Will adding a fireplace add value to my home?

    • The Sussex

We all like to do things that add value to our home, whether we want to sell in the near future or not. A new bathroom, a fresh coat of paint, perhaps even replacing that tired kitchen worktop with a fabulous new granite version – these can all make your home appear that bit more desirable and have the added bonus of swelling the asking price.

One feature that you may not have considered as ‘value-adding' is a fireplace. Once a mainstay of every home, a central feature and the essential source of heat in the room, the fireplace has taken a bit of a back seat lately. Yet it's heading for a resurgence, not least because it adds value to the home.

Why get a fireplace?

The appeal of a real fire has increased a lot in recent years. Thoughts of warmth and a cosy glow has prompted many people to relocate the flat screen TV and install/construct a fireplace or restore what was already there.

The warmth which a real fire creates naturally means that you can reduce use of your central heating, which leads to cost savings. Heating just the room you're using will make savings over the long term and as heat rises, you may find it sufficiently heats the upstairs, too, if you remember to keep all of your doors open.

A fireplace – whether or not, you have a fire there or use the hearth purely for decorative purposes – provides that focal point which so many new-build lounges have been lacking. Even in an apartment on the tenth floor, it's possible to have a fireplace and create that same sense of warmth and cosiness in the winter. And what could be nicer than decorating the mantelpiece for Christmas?

What's more, newer technology (some wood burners are DEFRA-approved and use smokeless fuels) means that real fires can be installed in properties that would previously have been deemed inappropriate, such as terraced houses.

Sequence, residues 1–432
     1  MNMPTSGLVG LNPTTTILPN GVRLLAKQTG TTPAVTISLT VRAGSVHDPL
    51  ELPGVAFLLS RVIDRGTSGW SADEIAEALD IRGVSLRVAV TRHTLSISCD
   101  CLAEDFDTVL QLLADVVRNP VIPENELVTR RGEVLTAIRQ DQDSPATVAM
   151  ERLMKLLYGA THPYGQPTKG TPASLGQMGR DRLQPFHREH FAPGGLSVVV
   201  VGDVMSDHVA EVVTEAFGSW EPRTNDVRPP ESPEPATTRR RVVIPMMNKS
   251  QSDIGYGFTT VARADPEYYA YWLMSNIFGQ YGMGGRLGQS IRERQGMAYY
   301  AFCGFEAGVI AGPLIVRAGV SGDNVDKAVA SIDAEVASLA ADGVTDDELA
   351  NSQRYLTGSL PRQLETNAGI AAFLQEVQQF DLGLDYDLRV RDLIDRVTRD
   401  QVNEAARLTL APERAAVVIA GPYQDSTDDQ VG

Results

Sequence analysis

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How much money will a fireplace add?

Let's cut to the chase, you want to know whether the outlay is worth the end result, yes? While fireplaces vary in cost (sought-after authentic Georgian ones can cost up to £30,000, if you're that way inclined), it's about the wow-factor. One estate agent claims that spending £3,000 on a wood burner could add as much as £10,000 in value.

Fortunately, the more modest ones won't stretch the wallet quite so severely, but even so, it's more than reasonable that a fireplace could add as much as five per cent to the price.

Timing is important – if you are selling your house and want to get the most out of your fireplace's value, put it on sale at the beginning of winter and ensure it is lit when your viewers come round.

What to choose

Reportedly, many homeowners are scrabbling about to find original fireplaces; ‘period features' are highly desirable and lots are seeking out ones which were made in the same year as their home. Whether they suit it or not.

Of course, when it comes to adding value to your home, you want to also combine aesthetic elegance into the mix. You wouldn't buy any old wood burner simply because you might wish to sell your home in the next decade; it's something you'll have to look at every day and use.

Choosing the right fireplace is a big part of that. Fortunately, most stone hearths and fireplaces are neutral in colour, so can equally blend seamlessly into a room or stand out, depending on what effect you'd like to achieve. Understated, limestone is a classy and elegant choice, while slate hearths provide a rustic element which compliments the limestone or works just as well on its own. Granite is another favourite material – durable, beautiful and able to withstand the residual heat.

If you're thinking of putting a fireplace in your home, whether or not to add value to it, we can give you all the advice and guidance you need. Get in touch with one of our friendly advisors or send us a message to chat through your requirements.

Categories: Guides